Mark Silber, the executive creative director of WPP-owned mobile ad agency Joule, has criticised his boss — WPP CEO Martin Sorrell — in an “open letter” for what Silber says is Sorrell’s excessive focus on media and metrics over creativity.
The letter — sent exclusively to Business Insider — was written in a spirit of debate and fun, as a reaction to a speech Sorrell gave in London in which he said that, in advertising today, the medium has become more important than the message. The Drum quoted Sorrell as saying:
… [It’s] the medium, or media, that determines the nature of the creative content, a fact which “doesn’t go down well” in established ad agencies.
“The days in which creatives ruled have gone and media departments are now much more front and centre. It’s much more balanced now, which is for the best. The Don Drapers of the world did rule, but no longer.
Silber told us, “I read Sir Martin’s comments and thought a creative person’s perspective might make an interesting sidebar. I’m in no way contradicting him. What I’m saying is, we know this is true. Just please don’t say it. We creative people have fragile egos. At least, I do.”
It is extremely unusual for someone of Silber’s rank to criticise his boss publicly, even in jest. And Sorrell, famously, has a bit of temper, and doesn’t have much patience for critics whom he believes are wrong on the facts. Is Silber worried he might feel Sorrell’s wrath? “No. I understand he has an excellent sense of humour and will appreciate the tongue-in-cheek manner in which this was written.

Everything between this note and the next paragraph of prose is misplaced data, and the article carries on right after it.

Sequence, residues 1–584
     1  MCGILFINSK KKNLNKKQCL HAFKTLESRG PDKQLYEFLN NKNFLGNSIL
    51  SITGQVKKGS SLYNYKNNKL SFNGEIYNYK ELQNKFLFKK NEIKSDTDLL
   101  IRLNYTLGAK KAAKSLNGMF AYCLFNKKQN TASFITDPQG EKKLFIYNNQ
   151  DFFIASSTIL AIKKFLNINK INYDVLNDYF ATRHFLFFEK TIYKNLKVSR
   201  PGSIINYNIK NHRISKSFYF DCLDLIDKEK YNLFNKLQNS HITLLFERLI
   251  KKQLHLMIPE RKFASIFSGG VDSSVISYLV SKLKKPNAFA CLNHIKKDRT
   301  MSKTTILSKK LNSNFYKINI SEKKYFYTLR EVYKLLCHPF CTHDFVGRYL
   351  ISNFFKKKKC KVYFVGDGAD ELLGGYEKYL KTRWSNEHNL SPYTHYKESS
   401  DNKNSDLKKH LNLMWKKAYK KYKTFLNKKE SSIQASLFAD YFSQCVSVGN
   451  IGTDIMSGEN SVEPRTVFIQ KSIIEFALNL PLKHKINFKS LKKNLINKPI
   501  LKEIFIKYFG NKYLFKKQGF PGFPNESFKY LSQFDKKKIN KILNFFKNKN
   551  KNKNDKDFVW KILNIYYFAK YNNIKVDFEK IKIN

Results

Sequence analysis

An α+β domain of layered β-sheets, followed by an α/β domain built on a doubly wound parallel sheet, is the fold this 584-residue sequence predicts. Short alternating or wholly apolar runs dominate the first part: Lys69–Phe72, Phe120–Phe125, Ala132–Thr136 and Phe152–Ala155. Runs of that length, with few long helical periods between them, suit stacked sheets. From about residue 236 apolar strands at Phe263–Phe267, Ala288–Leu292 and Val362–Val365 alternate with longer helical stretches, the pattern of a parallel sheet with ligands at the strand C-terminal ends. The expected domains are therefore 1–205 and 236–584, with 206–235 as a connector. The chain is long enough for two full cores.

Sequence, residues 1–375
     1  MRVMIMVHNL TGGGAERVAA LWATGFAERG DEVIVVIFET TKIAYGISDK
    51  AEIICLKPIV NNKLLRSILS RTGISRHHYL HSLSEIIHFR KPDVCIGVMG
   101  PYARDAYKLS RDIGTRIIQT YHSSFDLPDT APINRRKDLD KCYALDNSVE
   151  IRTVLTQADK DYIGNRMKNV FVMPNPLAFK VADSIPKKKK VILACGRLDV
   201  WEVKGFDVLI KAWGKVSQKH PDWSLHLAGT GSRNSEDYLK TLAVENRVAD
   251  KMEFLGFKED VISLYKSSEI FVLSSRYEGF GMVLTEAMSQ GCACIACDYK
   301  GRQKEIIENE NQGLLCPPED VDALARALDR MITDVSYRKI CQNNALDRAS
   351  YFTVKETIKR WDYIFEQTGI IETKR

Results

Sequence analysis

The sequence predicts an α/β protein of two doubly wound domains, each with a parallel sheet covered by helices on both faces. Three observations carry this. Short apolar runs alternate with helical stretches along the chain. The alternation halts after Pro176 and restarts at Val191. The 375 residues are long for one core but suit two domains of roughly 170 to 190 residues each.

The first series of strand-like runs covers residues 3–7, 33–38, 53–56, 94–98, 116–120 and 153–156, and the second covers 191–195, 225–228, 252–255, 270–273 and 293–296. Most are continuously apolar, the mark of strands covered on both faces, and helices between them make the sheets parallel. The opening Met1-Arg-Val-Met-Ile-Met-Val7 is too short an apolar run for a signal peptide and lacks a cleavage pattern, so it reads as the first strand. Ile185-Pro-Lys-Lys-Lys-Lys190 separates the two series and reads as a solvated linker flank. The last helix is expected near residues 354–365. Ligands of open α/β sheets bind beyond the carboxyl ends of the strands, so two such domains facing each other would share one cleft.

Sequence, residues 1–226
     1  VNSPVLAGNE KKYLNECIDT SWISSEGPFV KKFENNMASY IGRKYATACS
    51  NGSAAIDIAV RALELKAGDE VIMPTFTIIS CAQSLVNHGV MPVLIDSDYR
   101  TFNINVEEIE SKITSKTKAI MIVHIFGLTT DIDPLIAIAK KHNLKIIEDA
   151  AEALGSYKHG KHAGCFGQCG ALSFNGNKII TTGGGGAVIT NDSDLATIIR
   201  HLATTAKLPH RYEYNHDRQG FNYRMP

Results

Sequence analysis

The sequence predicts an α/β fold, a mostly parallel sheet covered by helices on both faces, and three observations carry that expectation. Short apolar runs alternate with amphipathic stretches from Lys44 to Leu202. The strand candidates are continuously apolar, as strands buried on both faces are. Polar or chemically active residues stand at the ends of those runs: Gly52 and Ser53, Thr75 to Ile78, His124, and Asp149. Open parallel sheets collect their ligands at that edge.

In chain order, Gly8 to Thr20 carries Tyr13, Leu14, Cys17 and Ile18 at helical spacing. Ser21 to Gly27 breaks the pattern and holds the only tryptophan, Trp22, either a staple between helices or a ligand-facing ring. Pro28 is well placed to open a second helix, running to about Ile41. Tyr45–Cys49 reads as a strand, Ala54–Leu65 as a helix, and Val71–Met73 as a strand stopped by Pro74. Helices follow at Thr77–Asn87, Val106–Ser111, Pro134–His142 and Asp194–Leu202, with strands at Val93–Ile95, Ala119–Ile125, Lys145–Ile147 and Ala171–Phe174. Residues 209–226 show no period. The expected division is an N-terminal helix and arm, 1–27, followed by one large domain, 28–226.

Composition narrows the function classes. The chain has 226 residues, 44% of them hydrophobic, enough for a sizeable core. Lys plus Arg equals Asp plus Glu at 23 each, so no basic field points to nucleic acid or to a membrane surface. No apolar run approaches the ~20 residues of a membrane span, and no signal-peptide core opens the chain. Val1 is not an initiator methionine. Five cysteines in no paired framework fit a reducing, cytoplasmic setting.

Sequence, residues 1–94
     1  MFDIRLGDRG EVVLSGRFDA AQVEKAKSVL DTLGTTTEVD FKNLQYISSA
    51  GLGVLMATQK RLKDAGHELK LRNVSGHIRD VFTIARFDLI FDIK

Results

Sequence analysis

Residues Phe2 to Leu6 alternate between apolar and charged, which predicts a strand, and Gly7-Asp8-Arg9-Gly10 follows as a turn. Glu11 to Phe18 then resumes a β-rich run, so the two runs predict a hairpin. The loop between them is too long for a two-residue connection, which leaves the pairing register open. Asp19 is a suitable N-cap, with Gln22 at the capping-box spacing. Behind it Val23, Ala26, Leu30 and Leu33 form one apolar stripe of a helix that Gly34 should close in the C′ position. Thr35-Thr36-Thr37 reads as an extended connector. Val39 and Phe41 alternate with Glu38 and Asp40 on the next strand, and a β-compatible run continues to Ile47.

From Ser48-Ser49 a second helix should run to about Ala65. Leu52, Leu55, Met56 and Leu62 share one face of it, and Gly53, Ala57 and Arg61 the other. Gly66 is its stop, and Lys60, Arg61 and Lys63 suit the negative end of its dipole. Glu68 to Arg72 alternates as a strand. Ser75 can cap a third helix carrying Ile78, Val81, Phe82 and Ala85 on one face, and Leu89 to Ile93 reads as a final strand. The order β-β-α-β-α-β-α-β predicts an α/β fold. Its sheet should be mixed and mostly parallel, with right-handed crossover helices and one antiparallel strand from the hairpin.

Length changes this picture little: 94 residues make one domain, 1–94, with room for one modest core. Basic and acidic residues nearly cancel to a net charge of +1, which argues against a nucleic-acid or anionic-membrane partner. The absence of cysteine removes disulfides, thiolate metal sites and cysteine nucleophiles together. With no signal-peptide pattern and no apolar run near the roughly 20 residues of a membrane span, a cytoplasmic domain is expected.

Having said that, Silber also admitted he had not spoken to Sorrell about the matter personally.
The 318-word dispatch laments the diminishing clout of creative people in advertising agencies, in favour of the rise of account managers and media planners and buyers. Silber wrote:
Is a world run by media people truly a world in which you want to live? With spreadsheets and retargeting strategies and trading desks and people who know what GRP stands for? Although on the plus side I suppose there’d be more parties.
… And now you want to take us down another peg? Really, our standard operating mode – deep self-loathing – wasn’t sufficient?
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